Three Fante women from the early British colonial period with elaborate hairstyles. The standing woman has a beautiful dress and wrapper of adinkra cloth stamped with swastikas. This symbol is found on Akan (Fante, Asante, Bron, etc) metal workings such as goldweights and as an adinkra symbol as shown here. This image is from The Eliot Elisofon Photographic Archives at the National Museum of African Art sirismm.si.edu/siris/eepatop.htm
Bangor Daily News Students use teen's diary from 1800s to study, illustrate history of Searsmont Bangor Daily News Norman Withee, left, of the Searsmont Historical Society, looks at the original diary of Josephine Knight.
YANGON, Myanmar (AP) — A dragon fish with intricate, maze-like markings on every scale, a frog with rough, chocolate-colored skin and a ginger plant are among more than two dozen flora and fauna species found in Myanmar since it emerged from a half-century of military rule and isolation.
The World Wildlife Fund said Thursday the discoveries by global scientists in the last two years highlight the need to invest in conservation as the biologically diverse nation of 60 million revs up its economic engines and opens up to foreign investment.
Already, it is starting to succumb to many of the pressures felt by neighbors in Southeast Asia, from deforestation and illegal wildlife trade to mining and the development of hydropower.
The 26 plants and animals newly identified in Myanmar include a species of dragon fish, which are hugely popular in the Asian aquatic world. The so-called "scribbled arowana," is creating a buzz on the aquarium fish blogosphere because of its unheard-of complex, maze-like markings on every individual scale.
Daily Caller Gay Student Activists Demand Cell Phone Records Of Law-And-Religion Professor Daily Caller Fringe-left student activists at the University of Virginia are seeking to use the power of the state to acquire private communication between a...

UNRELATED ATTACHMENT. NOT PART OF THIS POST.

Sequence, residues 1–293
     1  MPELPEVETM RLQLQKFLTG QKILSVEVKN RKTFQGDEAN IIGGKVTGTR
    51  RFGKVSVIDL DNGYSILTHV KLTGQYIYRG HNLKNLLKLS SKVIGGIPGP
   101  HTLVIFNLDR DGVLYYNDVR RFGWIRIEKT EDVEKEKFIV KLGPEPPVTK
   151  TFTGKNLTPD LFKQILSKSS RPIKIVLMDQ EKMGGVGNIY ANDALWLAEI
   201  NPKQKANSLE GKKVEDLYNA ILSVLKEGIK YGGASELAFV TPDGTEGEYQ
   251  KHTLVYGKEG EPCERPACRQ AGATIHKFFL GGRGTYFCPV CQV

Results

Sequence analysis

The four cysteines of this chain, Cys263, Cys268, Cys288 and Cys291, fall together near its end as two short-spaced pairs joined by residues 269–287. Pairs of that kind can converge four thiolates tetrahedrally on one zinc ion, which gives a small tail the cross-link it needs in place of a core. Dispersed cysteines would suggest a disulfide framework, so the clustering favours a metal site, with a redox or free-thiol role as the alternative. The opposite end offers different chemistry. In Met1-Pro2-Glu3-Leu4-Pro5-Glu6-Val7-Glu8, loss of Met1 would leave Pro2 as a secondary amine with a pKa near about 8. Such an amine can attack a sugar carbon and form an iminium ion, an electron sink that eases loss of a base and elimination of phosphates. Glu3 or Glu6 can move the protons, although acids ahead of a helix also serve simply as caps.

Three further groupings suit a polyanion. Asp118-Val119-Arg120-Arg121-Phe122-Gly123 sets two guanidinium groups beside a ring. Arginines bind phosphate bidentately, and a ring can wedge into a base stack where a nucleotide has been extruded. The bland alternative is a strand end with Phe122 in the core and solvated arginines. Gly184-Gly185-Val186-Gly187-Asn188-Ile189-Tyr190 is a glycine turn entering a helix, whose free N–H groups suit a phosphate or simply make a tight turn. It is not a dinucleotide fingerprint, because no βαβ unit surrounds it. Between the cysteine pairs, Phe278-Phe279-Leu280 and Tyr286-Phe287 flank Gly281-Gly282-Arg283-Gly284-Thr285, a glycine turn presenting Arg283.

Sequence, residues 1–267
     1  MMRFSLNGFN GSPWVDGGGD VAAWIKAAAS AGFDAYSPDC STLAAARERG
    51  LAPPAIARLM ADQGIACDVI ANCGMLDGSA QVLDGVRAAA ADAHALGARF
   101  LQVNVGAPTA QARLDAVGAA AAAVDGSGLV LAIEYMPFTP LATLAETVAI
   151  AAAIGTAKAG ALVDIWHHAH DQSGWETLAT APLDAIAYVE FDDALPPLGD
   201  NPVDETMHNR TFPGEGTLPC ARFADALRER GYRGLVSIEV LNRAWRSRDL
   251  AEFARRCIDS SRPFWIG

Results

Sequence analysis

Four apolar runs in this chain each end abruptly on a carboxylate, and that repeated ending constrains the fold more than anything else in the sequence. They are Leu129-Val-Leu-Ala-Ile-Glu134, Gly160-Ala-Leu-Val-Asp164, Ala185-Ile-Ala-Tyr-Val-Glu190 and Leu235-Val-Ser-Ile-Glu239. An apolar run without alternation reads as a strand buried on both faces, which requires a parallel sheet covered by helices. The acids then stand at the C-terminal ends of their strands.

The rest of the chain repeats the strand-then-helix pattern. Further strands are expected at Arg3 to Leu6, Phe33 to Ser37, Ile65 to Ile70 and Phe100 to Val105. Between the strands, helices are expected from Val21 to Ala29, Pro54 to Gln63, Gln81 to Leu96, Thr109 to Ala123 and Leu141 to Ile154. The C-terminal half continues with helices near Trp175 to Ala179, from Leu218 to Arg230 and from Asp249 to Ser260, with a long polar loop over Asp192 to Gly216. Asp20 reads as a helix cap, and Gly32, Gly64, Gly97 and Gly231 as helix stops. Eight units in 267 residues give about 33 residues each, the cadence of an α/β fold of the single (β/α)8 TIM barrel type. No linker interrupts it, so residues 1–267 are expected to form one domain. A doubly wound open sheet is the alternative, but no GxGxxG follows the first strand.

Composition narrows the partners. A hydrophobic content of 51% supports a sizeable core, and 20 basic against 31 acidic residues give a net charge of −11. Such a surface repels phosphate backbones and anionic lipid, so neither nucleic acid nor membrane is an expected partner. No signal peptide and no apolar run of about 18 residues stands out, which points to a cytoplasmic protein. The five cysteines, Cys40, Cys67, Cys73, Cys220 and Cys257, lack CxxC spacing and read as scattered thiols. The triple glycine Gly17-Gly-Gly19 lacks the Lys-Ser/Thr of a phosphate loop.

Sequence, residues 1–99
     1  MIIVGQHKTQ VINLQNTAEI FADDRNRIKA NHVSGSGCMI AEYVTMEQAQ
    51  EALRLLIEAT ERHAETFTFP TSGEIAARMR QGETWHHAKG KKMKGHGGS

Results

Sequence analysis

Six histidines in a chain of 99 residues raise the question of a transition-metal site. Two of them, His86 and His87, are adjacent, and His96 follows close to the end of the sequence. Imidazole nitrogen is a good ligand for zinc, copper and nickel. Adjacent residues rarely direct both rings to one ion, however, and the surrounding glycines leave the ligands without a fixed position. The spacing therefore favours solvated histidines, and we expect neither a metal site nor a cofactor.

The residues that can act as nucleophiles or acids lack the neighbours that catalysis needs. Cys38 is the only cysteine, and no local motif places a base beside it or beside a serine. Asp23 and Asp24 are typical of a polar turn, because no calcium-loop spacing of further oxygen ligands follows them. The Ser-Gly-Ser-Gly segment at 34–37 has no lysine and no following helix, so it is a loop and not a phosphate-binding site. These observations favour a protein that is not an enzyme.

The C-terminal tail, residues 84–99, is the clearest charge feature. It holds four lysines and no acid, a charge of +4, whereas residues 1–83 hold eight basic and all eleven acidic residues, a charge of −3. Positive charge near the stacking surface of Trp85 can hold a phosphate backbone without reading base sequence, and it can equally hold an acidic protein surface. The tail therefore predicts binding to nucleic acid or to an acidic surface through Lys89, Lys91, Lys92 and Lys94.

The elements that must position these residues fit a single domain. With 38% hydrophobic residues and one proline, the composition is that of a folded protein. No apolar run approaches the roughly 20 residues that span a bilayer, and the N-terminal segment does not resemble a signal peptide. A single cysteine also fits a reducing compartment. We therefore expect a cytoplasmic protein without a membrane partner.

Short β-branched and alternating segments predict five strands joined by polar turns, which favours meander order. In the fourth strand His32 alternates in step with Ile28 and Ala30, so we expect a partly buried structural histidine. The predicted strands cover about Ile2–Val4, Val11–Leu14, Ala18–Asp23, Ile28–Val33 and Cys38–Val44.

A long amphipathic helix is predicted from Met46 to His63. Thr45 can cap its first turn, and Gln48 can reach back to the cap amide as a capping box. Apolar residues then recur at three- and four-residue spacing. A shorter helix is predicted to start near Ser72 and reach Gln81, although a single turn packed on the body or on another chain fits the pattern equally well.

Much like our brains, human muscles have evolved several times more rapidly than primate muscles, according to a new study — but that process has made us weaker over time in a process, while brains become more advanced. In other words, human evolution favored brain over brawn, making us much smarter (but also weaker) than our closest mammalian cousins.
In prehistoric Eurasia, drugs and alcohol were originally reserved for ritual ceremonies, and weren't used merely to satisfy hedonistic motives, a new study suggests. What's more, given the sacred role of the substances, their use was likely highly regulated and only available to elite citizens.
Many Eurasian cultures are known to have an ancient history with psychoactive substances, as evidenced by early written documents. The Greek historian Herodotus, for example, once described the Scythians' (Iranian equestrian tribes) post-funeral purification ceremony involving hemp, which dates back to the fifth century B.C.